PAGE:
Objectives Provide a general overview of toxicology How to approach the poisoned patient Understanding common toxidromes
What is Toxicology What is it not a poison? All things are poison and nothing is without poison. Solely the dose determines that a thing is not a poison. -Paracelsus (1943-1541), the Renaissance Father of Toxicology, in his Third defence
Why do people OD? Significant portion intend to die at time of overdose Most want to escape an intolerable situation or state of mind Small minority of patients want to punish someone or make someone feel guilty Mental health difficulties particularly, depression, ETOH or substance misuse, and personality disorders are frequently seen Inability to tolerate life stressor or events, relationship breakdowns, anniversaries of bereavement, ect. Mitchell, A. Dennis, M. Self harm and attempted suicide in adults: 10 practical questions and answers for emergency department staff. Emerg Med J, 2006: 26, 251-255
What Drugs do they OD on? ETOH Paracetamol Benzo’s Antipsychotics Antidepressants Antiepileptic Opiods And many many more!!!
The ECG in TOX Valuable inexpensive screening tool QRS widening R/T sodium channel blockade, common with TCA overdose QT prolongation is a potassium channel effect associated with TDP, common in some antidepressant, antiarrythmics, & antipsychotic overdoses.
Urine Drug Screen Why don’t we do it? In general it rarely if ever changes management. Expensive Takes 1-2 days to get back When would we consider it?
Antidotes Limited number of antidotes available for limited number of poisonings. Common Antidotes: NAC Naloxone Sodium Bicarb Digoxin Immune Fab 5. Octreotide
Common Complications in the Critically Poisoned Patient Aspiration Pneumonia ARDS ARF DVT/PE Rhabdomyolysis Compartment Syndrome Hepatotoxicity
Disposition The patients journey can be: RESUS ICU Assessment Obs ward Psych Or patients with DSP need Pysch R/V
Poisoning in Children Most paediatric poisoning are benign, as children generally ingest small quantities. Always base your assessment on worse case scenario: The time of ingestion is assumed to be the latest possible time Assume all missing or unaccounted for agent(s) have been ingested Do not attempt to account for spillage, which is difficult to estimate If more than child involved, it is assumed that each child ingested all the missing or unaccounted for agent(s)
Management of child who ingest unidentified poison Admit for minimum of 12-hour observation Ensure health care facility can cope Defer IV access until evidence of toxicity Check BSL at presentation and on D/C Monitor GCS & vital signs Cardiac monitor if decreased GCS or abnormal vital signs D/C during daylight hours
Poisoning in Pregnancy Need to assess risk to fetus or infant if lactating Management rarely differs from non pregnant patients Agents that pose greater risk to fetus: Carbon Monoxide Methaemoglobin-inducing agents Lead Salicylates
Need to provide risk/benefit analysis if breastfeeding is to continue as the mother recovers
Poisoning in the Elderly Can be challenging to manage R/T co-morbidities, decreased physiological reserve, and multiple prescribed medications. Higher complication rate and longer hospital admission: Pharmacokinetic changes: Delayed gastrointestinal absorption Decreased protein binding ^ free drug levels Reduced hepatic metabolic function Decreased GFR which impairs elimination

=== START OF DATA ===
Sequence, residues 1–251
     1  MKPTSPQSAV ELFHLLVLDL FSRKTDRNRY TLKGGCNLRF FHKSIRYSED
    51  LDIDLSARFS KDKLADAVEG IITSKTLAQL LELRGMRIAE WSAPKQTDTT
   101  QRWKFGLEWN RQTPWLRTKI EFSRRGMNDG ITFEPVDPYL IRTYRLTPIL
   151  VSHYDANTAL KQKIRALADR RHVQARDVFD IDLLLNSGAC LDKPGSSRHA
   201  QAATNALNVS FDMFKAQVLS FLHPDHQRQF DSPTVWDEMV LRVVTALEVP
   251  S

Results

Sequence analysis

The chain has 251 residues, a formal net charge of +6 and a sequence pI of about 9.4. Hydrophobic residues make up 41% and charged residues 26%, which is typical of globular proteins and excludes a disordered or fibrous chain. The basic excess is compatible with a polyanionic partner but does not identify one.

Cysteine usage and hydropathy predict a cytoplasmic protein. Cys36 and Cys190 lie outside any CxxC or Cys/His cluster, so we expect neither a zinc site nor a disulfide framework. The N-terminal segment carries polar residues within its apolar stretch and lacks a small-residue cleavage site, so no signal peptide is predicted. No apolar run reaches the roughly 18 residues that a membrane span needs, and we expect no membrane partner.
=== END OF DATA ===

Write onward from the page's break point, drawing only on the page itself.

Common poisoning in the Elderly Digoxin Metformin Lithium Disposition= Generally elderly patients end up in Gen Med units for prolonged periods of care
Coma Patients presenting with coma have generally overdosed on a drug with CNS depressant effects. Can be caused by secondary effects: Hypoxaemia Hypoglcaemia Hyponatraemia Hypotension Seizures Cerebral oedema
Coma Management RRSIDEAD Good supportive care & airway management Treat secondary effects Look at what else can cause coma Neurotrauma Metabolic encepathopathy Menigioencephalopathy Space occupying lesion Patients generally go to ICU, till conscious states improve Look for complication’s (Asp Pneumonia)
Why do we use Diazepam so much in TOX? Good safety profile Long half life Controls agitation well Used to treat toxic seizures Generally drug of choice in managing withdrawals Dose adult 5-10mg, child 0.1-0.3mg/kg/dose every 3-5mins
Anticholinergic Syndrome Results from the competitive, reversible blockade of central & peripheral cholinergic blockade. Is potentially life threatening Diagnosed clinically by agitated delirium and peripheral muscarinic blockade History of ingestion of known anticholinergic agent
Remember the saying!!! Hyperthermia (HOT as a hare) Flushed (RED as a beet) Dry Skin (DRY as a bone) Dilated pupils (Blind as a bat) Delirium, hallucinations (Mad as a hatter) Tachycardia Urinary Retention
Management Good Supportive Care IV fluids IDC Diazepam to control agitation Avoid drugs with anticholinergic effects Antidote:
Reverse anticholinergic delirium in selected patients that don’t respond to benzo’s
Serotonin Syndrome Clinical diagnosis based on history of ingestion of one or more serotonergic agents, the presence of characteristic symptoms, & high index of suspicion Clinical features fall into 3 categories CNS Autonomic Neuromuscular
Managing Serotonin Syndrome RRSIDEAD Check BSL Check temp >38.5 continuous core monitoring, temp > 39.5 paralysis and intubate Give benzo’s to achieve gentle sedation HT & tachycardia generally respond to benzo’s, if refractory trial of GTN infusion Antidote: Cyproheptadine, given orally or via NG